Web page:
AnonymousDecember 7, 2006 at 9:58 am
my 2 1/2 year old daughter was diagnosed with gbs on november 2nd. she received ivig treatment, and it affected her legs mainly and her hands alittle. she is home and recovering. I know that recovery is different for everyone, but I was curious how long it other children to recover. she is standing with support and will take a few steps to me holding on to things, she hasnt totally regained her balance back. we go to PT 2 days a week. any feedback would be helpful, its really hard to see her struggle. Dawn
AnonymousDecember 11, 2006 at 4:40 pm
My seven year old was diagnosed with GBS in mid June and received IVIG as well…she did two weeks in rehad then went on to OT and PT for six weeks.
When she first started I was transporting her in a stroller…by the time 6 weeks was over she was ready to start second grade and participate in gym class. She still has to wear sneakers all the time but she is doing really well.
Hang in there…this is a difficult time but you will be amazed how quickly they bounce back. Watching the child is the hardest part.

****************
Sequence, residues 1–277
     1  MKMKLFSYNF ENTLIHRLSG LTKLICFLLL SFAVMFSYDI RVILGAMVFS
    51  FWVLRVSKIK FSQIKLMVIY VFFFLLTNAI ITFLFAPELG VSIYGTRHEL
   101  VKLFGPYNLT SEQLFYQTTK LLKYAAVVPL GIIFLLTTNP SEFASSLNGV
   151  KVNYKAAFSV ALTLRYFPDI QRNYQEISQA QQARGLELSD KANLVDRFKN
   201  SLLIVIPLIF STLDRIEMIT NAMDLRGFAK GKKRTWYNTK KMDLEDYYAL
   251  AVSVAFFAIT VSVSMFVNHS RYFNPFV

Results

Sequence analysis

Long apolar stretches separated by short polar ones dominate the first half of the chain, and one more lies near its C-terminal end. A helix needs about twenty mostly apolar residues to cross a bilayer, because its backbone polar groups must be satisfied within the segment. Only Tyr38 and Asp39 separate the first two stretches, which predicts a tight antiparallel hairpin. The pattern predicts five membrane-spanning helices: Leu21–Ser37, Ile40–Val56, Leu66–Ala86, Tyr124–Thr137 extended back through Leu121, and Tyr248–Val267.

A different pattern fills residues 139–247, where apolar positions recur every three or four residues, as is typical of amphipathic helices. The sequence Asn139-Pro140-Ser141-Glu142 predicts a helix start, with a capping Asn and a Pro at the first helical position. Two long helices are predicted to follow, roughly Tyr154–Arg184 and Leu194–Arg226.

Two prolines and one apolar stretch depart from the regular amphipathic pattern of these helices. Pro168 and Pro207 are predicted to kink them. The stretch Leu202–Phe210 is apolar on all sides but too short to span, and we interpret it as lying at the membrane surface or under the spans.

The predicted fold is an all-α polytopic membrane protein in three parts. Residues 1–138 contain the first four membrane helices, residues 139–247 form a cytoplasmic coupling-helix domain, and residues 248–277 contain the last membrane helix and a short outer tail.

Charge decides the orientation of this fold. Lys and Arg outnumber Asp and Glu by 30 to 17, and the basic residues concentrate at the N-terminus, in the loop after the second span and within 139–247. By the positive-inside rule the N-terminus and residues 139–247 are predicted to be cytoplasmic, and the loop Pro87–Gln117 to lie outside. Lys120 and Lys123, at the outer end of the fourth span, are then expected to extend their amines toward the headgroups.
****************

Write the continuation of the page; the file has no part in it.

Please keep us posted on your child’s progress. My thoughts and prayers are with you and your family.
AnonymousDecember 16, 2006 at 10:27 pm
What she said. My 5 yr old grandson had a mild case about the first of August and is mostly recovered. He still gets tired really easy and is walking with one foot splayed out. His school therapist says he is still uncomfortable about balance and has trouble hopping on one foot but his hand strength is up. Sure am grateful for all the support he gets at school. We had an IEP meeting last week and had 5 support staff there!!
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AnonymousJune 13, 2006 at 1:25 pm
My Mother is still recovering from GBS. She is in a rehab sub acute facility. She was intubated and still has the trach color but is being capped everyday and hopefully by the end of the week that will be gone. Her movements are coming back. It has been 123 days since this all started and I Thank God everyday Mom is still with me. I know it is hard for her to lie in that hospital bed everyday all day and depend on others to care for her, but I am with her everyday and I know that helps. She is 78 and strong willed. She is motivated to get better and works very hard in physical therapy everyday.